To stake his claim as one of the best bodybuilders to ever step on stage, Jay Cutler was tasked with taking down a titan of his generation, Ronnie Coleman. Decades following their epic rivalry, Jay Cutler took to an Instagram reel and explained why Coleman remains the biggest and fiercest competitor he’s faced.
During the 1990s and 2000s, Ronnie Coleman cemented himself as an all-time great, boasting eight Mr. Olympia titles, matching the record with former champion Lee Haney. Cutler emerged as a promising talent but after consistent runner-up showings to Coleman, many were left unsure of his future. While hunting down gold, Cutler’s and Coleman’s rivalry on stage only grew with each passing year.
Cutler shocked the world in 2006, defeating ‘The King’ to win his first Mr. Olympia title. This turning point marked the end of an era as Coleman would later retire. Meanwhile, Cutler would lose gold and regain it against Dexter Jackson at 2009 Mr. Olympia, further solidifying his legacy. Having led an illustrious career, Cutler looked back on some of his greatest opponents.
Jay Cutler Pays Respect to His ‘Fiercest and Biggest’ Bodybuilding Competitors
During the 2000s, Cutler remembers being challenged by several top-tier bodybuilders, some of whom included, former seven-time Mr. Olympia Phil Heath, former 2008 Mr. Olympia Dexter Jackson, Victor Martinez, the late Gustavo Badell, Chris Cormier, and Gunter Schlierkamp.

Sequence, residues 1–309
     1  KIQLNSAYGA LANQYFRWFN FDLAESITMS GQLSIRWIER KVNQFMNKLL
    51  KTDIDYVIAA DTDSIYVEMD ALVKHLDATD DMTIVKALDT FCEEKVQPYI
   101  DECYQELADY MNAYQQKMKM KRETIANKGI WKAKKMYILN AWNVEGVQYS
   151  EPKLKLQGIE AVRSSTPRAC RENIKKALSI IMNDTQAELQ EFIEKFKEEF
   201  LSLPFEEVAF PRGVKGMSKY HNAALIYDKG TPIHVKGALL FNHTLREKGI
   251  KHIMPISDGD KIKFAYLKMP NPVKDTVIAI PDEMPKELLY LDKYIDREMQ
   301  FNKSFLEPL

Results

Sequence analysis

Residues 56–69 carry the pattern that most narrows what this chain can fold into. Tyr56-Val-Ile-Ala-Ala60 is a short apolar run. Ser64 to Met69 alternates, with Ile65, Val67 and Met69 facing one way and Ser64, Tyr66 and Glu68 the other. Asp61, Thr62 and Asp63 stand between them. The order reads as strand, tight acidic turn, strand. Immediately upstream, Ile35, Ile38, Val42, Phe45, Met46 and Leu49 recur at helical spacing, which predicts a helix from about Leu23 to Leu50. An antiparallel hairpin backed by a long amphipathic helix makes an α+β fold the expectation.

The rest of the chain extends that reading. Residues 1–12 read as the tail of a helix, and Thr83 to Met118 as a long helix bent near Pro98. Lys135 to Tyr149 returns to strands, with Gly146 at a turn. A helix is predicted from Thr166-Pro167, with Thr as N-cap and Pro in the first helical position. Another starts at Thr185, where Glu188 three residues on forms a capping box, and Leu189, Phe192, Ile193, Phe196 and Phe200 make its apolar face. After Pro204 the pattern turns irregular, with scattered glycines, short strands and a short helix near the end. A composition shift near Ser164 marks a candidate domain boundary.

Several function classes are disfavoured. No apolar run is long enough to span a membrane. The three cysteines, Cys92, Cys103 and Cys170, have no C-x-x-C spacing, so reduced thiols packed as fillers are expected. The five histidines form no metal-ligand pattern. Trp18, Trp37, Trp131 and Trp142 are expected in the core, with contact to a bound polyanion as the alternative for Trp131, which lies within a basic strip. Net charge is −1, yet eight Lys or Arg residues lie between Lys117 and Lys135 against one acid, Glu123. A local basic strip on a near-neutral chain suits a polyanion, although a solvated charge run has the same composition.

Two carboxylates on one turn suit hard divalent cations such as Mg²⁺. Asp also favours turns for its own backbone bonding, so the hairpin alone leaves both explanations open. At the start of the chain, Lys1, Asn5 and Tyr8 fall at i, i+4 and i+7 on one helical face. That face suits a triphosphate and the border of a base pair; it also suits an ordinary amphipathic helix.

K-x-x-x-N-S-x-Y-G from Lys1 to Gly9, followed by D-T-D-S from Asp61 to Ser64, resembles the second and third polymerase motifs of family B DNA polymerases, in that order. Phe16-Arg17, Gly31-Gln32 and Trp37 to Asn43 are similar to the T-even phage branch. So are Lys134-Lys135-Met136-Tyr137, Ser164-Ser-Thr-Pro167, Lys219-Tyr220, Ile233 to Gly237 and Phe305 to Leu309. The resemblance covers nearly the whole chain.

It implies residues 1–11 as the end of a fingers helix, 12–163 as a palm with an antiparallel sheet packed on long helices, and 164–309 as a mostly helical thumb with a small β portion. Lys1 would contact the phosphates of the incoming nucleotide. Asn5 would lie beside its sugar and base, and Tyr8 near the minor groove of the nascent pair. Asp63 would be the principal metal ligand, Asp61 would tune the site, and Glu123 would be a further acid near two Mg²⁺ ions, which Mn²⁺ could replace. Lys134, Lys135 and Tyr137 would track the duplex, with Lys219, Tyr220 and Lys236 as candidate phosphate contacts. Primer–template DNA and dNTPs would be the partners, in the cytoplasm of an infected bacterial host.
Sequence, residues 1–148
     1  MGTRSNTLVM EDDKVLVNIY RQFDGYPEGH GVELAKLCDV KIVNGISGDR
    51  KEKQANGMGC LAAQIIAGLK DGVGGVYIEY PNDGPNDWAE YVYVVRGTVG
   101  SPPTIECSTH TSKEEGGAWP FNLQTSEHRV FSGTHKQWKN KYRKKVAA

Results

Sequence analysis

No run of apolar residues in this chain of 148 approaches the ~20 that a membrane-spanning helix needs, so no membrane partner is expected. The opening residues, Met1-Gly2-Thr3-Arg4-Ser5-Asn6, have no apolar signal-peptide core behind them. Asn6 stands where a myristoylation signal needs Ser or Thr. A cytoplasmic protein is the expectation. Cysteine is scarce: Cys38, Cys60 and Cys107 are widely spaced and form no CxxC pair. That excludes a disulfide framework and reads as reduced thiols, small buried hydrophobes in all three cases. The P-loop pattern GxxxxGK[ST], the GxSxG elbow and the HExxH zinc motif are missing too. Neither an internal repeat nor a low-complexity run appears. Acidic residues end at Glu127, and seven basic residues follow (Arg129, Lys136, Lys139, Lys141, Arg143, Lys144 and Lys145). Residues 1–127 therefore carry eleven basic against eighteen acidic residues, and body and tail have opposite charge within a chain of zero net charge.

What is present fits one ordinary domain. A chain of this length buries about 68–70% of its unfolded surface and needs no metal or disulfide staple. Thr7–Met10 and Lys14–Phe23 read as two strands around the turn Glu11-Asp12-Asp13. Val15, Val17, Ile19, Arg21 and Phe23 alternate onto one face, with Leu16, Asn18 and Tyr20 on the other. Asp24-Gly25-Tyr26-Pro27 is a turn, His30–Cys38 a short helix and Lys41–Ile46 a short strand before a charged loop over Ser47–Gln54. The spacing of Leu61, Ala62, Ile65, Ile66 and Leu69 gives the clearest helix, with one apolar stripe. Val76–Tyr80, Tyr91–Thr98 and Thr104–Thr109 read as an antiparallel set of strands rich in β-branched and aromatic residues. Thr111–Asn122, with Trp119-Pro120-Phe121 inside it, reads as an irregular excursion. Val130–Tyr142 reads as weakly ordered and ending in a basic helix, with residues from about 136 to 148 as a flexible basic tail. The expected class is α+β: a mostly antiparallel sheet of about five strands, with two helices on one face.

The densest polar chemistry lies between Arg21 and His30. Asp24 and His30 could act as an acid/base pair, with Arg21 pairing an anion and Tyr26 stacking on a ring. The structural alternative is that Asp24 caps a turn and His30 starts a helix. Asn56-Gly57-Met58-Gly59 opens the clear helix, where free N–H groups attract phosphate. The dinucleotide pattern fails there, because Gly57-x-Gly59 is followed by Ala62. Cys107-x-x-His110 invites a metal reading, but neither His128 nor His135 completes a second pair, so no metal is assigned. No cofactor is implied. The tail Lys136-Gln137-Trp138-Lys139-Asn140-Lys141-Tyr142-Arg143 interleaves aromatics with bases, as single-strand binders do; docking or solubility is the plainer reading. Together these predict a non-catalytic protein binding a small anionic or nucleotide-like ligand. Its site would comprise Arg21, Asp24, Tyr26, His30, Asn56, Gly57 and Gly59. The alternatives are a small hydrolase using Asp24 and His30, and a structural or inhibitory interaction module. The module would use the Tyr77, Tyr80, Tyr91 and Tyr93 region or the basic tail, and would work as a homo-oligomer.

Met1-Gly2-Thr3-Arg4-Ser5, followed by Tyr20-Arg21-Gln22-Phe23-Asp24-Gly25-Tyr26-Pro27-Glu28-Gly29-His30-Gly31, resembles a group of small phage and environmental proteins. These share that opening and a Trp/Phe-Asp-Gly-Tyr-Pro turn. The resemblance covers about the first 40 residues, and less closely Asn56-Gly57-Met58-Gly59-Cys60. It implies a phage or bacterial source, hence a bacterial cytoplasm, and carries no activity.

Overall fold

“Who was my fiercest competitor besides Ronnie Coleman? I have to give credit to a lot of people. I mean I have to give credit to Phil Heath, I have to give credit to Dexter Jackson because both those guys beat me.
Victor Martinez was a great challenger, Gustavo Badell, Gunter Schlierkamp was a great challenger.”
As for Cutler’s “biggest and fiercest” competitor, he says that honor will always belong to Ronnie Coleman.
“A lot of my competition, but I’m talking about those guys that were close to me in the competition Mr. Olympia.
I have to give my hat to every single one of them. Chris Cormier, to not forget, Chris Cormier, he was one of the best and still to this day Ronnie Coleman was my biggest and fiercest competitor,” explains Jay Cutler.
This wasn’t the first time Cutler looked back on facing Ronnie Coleman in his prime. Assessing the current crop of talent in the Open, Cutler doesn’t believe any competitors have presented physiques close to the size, density, and conditioning displayed by Big Ron.
Even though Coleman gave him his toughest tests, Cutler credited several Men’s Open competitors for pushing him to be great, especially when it came to shining on the prestigious Mr. Olympia stage.